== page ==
WARNING: Here there be spoilers. And not vague ones, either, but pretty specific. So if you haven’t seen National Treasure 2, consider yourself warned!
Spoilers after the jump (and they’ll probably end up in comments, too)
Was this movie a major disappointment or what? To be honest, I think it was destined to be. National Treasure 1 was so funny and smart and fresh. Most of all, it was a surprise and 2 wasn’t going to have that element.
A few problems in list form before I wade into the perceived plot holes:
* Nicolas Cage looked…weird. Hard to explain, but he looked a little “Dick Clarked”.
* I HATE what they did to the romantic relationship between movies and they didn’t resolve it to my satisfaction.
* Gates came off more as an arrogant, smirky asshole than a charming, quirky smart guy this time.
* Their getting to either of the Resolute desks required an unattainable suspension of belief on my part.
* How many massive subterranean “greatest treasures of mankind” could really go undiscovered in today’s day and age?
Now the two things that really tripped me up to the point I probably won’t watch it again. My husband, who will sometimes point out something I missed to make it all better, fell asleep halfway through, so if you can fill in the plotholes, go for it.
* When Gates and the President came out of the secret tunnel at Mount Vernon: The President trusts him enough to give him the info, sends him to the LoC, then sics the FBI and Secret Service on him only to, in the end, explain that he and Gates were exploring and the door closed behind them. Why didn’t he say that from the start? To add a pursuit? The drama of lights and sirens? False stakes? It was so contrived and annoyed the hell out of me.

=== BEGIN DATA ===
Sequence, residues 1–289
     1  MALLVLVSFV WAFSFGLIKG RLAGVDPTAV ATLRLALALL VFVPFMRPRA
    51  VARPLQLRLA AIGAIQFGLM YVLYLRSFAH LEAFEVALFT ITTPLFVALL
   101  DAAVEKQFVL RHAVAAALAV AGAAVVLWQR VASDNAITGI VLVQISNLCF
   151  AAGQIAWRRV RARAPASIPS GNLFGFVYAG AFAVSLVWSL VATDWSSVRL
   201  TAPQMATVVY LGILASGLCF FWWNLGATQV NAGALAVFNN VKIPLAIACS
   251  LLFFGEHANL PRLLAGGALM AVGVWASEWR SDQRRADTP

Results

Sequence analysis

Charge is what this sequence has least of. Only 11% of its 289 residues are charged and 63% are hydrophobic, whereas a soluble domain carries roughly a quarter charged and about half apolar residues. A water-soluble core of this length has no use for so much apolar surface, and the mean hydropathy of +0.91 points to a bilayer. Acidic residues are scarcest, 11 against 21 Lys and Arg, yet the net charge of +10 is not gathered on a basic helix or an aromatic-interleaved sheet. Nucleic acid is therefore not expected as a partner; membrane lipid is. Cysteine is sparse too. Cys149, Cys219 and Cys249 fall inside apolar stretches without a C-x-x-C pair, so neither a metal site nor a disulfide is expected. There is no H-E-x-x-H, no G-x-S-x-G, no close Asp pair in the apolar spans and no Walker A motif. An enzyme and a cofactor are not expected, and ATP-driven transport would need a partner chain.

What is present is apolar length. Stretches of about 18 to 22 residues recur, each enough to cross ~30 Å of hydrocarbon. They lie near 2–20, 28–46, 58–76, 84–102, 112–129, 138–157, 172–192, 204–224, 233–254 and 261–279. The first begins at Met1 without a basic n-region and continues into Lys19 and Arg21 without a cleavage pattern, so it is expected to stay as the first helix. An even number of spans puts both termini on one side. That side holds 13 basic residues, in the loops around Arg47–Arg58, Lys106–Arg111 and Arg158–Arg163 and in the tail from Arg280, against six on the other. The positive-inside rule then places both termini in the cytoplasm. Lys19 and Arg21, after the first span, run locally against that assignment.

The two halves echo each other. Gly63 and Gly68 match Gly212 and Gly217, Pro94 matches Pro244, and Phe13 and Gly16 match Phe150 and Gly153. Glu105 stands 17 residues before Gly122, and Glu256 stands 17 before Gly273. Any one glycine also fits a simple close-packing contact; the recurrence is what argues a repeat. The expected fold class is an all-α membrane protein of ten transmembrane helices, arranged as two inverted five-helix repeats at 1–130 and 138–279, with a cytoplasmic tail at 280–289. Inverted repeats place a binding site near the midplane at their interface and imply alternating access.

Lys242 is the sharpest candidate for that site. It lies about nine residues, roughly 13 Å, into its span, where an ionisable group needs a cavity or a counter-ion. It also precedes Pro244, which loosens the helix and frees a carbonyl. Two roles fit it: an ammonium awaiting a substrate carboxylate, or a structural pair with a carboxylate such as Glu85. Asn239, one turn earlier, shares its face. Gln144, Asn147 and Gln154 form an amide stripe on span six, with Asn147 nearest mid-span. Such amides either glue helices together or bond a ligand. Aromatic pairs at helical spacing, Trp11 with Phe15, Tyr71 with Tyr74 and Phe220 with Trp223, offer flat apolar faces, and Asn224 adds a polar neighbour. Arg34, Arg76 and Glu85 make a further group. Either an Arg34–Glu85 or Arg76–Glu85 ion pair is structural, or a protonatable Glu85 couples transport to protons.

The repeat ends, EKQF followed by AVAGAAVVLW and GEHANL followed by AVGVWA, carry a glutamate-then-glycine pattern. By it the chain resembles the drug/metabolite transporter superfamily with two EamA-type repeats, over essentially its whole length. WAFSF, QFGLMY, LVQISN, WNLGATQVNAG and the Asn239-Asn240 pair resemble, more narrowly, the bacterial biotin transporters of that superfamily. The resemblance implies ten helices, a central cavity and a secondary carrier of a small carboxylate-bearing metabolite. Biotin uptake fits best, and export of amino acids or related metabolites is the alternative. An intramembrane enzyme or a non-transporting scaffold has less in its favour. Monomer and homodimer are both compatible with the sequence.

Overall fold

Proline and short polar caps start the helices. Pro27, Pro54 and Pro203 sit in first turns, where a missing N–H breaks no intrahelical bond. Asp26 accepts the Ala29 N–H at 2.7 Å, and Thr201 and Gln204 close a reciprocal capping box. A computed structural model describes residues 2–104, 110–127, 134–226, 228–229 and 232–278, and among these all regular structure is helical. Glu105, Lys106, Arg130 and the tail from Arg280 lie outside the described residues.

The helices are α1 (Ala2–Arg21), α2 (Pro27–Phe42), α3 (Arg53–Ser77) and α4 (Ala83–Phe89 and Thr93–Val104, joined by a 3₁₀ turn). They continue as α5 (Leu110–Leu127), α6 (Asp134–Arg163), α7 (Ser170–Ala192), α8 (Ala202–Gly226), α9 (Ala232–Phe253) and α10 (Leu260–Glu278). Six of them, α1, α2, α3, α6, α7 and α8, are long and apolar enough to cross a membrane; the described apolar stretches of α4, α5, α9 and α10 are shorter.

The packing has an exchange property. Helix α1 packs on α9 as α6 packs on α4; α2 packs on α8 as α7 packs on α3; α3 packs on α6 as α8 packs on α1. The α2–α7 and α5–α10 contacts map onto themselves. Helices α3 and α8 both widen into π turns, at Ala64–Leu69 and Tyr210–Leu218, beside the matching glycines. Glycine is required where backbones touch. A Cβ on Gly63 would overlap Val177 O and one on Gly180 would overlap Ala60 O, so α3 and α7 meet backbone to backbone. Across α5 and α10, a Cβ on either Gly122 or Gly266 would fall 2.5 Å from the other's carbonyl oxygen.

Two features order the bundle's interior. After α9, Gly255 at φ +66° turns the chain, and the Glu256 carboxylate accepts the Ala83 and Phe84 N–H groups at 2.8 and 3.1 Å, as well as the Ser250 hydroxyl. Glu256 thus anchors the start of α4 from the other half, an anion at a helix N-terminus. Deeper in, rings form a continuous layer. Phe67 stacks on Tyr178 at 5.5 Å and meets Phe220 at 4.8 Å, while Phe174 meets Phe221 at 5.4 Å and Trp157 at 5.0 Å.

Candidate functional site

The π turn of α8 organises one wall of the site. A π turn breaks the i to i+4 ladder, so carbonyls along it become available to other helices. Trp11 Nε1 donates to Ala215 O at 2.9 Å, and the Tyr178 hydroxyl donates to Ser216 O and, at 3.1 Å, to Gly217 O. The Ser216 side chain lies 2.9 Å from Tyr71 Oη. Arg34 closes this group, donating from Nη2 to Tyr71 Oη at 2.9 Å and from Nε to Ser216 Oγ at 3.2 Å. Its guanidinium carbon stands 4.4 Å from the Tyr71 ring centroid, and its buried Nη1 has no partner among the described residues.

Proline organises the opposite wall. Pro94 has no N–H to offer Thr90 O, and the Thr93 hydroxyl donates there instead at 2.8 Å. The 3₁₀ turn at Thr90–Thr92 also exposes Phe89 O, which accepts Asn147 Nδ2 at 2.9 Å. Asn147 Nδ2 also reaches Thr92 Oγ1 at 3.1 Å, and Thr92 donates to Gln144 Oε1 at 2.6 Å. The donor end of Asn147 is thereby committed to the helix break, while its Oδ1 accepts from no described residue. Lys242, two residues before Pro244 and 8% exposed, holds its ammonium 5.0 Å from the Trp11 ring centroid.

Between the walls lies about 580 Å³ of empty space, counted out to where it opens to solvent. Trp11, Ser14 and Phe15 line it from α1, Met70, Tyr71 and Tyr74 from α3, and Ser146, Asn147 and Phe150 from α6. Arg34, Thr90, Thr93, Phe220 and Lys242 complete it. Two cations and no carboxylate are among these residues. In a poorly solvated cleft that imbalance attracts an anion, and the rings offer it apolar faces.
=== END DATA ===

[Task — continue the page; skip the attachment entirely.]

* How did the discovery of the City of Gold automatically exclude Thomas Gates as a conspirator? Here’s another theory: Thomas Gates was the architect of the Lincoln assassination and he ripped the page out of the Booth diary not to protect the Union, but to keep the gold all to himself. There were two separate goals stemming from the same diary—the finding of the city and the clearing of the ancestor’s name—and they kind of bundled them together.
I went into National Treasure 2 with the same expectation as I went into The Dark Knight—they wouldn’t be quite as good as the first ones because the element of surprising the audience with awesomeness is gone. There’s an expectation of awesomeness already and that’s hard to live up to.
Hopefully the National Treasure team won’t succumb to trilogyitis (as did PotC and Matrix, to their detriment). I’ll just be over here rewatching National Treasure 1 again and again while 2 collects dust on the shelf.